Christmas Stocking Etiquette

  • Make sure you’ve got a stocking for everyone! If you will have a house guest celebrating with your family at the time you will be opening stockings, be sure you’ve got a stocking for them, too.
  • Allow the guest to take the stocking with them when they depart. This question came up in response to my Google search for “Christmas stocking etiquette,” and my first thought was, “You’ve got to be kidding me!!” Of course your guests should take their stockings home with them! Why on earth would you buy/make them a stocking if you didn’t intend for them to take it home? Just have enough sense not to designate as theirs an expensive stocking or family heirloom you prefer to keep. Yes, there’s something to be said for having all the stockings match your decor perfectly. There’s also common sense. Pull it out of the linen closet at the last minute, if you don’t want the guest’s stocking to clash with your decorations.
  • On the other hand, just because you offer to allow them to take it, realize they may politely decline. Who knows – perhaps they’ve got piles of stockings at their house and just don’t need another one. Whatever their reason, unless they are ungracious (and even if they are), suggest that your guest take the stocking, but be flexible and fine with it if they prefer not to.
    • Fill the stockings proportionately, but don’t make yourself crazy about this. When you’ve got little kids (and maybe even older kids), it’s sometimes really important to do things proportionately. If Johnny gets 7 items in his stocking, Janie gets 7 in hers. But sometimes trying to be fair and equal can get preposterous. Just don’t go overboard and fill one stocking to the brim, while all the others look like they each contain a miniature Hershey bar and a stick of gum.
    • Take care with the size of your stockings! The bigger it is, the more it will take to fill it. I still think the dollar store is a great place to find stocking stuffers … but even that can add up if you’ve got four or five giant stockings with big gaping mouths.

    Post Script

    Gotta love the rant about Christmas carol etiquette … where else? At the Christmas Rants blog.

    Isn’t it interesting how we’ve been trained to generally think of gifts (at the holidays and year-round, as well) as something we do for others? But if you tell someone you bought yourself a gift, the reaction is somehow a little different – as though treating yourself well is selfish, or should come as an afterthought. The fact is, treating yourself well should be your first priority, because it’s only when you treat yourself well that you are healthy, happy, fulfilled, and able to be present – and give of yourself – to the others around you.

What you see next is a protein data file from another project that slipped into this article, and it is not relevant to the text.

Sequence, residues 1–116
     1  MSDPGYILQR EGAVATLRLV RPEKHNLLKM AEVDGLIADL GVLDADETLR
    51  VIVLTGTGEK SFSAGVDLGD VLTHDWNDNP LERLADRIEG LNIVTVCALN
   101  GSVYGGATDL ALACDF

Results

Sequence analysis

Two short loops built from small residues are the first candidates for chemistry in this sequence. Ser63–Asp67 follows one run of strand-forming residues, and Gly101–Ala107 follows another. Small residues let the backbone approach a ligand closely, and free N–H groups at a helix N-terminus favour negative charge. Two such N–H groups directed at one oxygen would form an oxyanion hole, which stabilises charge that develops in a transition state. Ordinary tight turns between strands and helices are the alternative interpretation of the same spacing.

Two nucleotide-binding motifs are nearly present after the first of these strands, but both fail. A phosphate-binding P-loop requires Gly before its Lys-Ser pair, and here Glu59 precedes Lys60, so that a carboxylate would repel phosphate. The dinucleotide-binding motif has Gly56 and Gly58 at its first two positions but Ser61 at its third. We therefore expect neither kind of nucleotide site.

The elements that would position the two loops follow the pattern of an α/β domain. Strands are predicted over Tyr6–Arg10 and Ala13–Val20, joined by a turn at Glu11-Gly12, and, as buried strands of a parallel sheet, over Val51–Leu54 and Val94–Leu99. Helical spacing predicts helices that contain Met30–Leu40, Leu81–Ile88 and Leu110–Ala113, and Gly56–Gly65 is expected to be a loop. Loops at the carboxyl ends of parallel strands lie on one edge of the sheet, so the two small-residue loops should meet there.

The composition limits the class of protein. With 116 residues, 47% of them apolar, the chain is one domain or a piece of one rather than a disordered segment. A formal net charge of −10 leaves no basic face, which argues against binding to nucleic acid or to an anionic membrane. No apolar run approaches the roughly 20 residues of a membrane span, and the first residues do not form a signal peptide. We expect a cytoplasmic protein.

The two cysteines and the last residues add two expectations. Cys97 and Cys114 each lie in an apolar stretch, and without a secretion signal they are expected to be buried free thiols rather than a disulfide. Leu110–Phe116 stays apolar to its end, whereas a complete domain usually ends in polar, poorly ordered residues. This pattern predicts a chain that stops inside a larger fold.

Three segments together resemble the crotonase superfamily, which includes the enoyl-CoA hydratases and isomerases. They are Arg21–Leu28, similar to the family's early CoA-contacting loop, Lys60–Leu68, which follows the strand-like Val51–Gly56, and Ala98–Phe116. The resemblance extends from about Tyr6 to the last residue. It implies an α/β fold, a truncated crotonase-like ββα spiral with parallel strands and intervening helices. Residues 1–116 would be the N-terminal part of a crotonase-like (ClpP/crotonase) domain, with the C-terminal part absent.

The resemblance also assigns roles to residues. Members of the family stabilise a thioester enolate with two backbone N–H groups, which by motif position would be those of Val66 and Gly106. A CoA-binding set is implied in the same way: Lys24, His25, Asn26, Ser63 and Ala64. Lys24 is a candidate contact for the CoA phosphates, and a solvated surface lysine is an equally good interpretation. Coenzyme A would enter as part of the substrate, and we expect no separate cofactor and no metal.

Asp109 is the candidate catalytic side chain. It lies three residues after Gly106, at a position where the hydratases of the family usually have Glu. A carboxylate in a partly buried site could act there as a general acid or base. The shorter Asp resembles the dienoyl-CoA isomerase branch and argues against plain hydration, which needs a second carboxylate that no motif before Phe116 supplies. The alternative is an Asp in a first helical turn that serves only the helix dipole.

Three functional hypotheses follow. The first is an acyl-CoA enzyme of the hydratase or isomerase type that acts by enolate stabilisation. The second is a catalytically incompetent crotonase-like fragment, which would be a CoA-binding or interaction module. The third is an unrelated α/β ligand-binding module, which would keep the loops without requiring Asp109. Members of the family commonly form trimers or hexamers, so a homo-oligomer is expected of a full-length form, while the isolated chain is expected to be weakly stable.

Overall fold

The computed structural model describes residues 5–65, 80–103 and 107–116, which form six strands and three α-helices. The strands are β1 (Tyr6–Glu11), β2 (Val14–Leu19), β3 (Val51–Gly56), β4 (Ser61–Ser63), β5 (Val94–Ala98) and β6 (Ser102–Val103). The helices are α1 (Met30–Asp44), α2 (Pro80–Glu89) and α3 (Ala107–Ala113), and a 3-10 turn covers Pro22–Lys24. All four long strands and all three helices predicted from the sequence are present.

I’ll admit, this runs counter to what most of us grew up hearing – but that doesn’t change the fact that we need to be our own self-advocates, which truly means putting our needs first. This does not in any way condone being a jackass and behaving selfishly (e.g., being a roadhog, taking the last cookie every time, demanding constant control of the remote, never having a generous bone in your body). But it means deliberately taking time to do the things we know are good for us. Eating healthy food, sleeping enough, exercising, keeping our space orderly, taking time to relax. How many of those things do we sacrifice on a daily or weekly basis because we have too many “other” things that take priority? The irony is that if the other things are taking priority, you may be putting them first, but you can’t possibly be giving them quality attention if you haven’t first attended to your own needs.

    At a recent networking event, we were asked during our introductions to name the personal and business resolution/goal we’d set for the new year. Funny how so many people could name the business resolution, but had a hard time specifying something personal.

    What would happen – how would your life change – if you made a concerted effort to take just a little more time for yourself on a regular basis? Take a class in a topic you’ve always wanted to learn more about. Spend 15 or 20 minutes of quiet time reflecting every morning or evening. Go for a daily walk in your neighborhood or at the local track. Read more; watch TV less. Take that bubble bath when the mood strikes. Buy the more expensive brand of tea or coffee. Take time to chat with your neighbor or coworker. Go to church. Buy flowers just because. Prepare your favorite recipe. Play with your kids or pets. Crank up your favorite music and dance! See the movie you want to see.

    Finding the perfect gift for someone else has its own special kind of joy – but don’t forget to take time regularly to put yourself at the top of the gift list. You deserve it!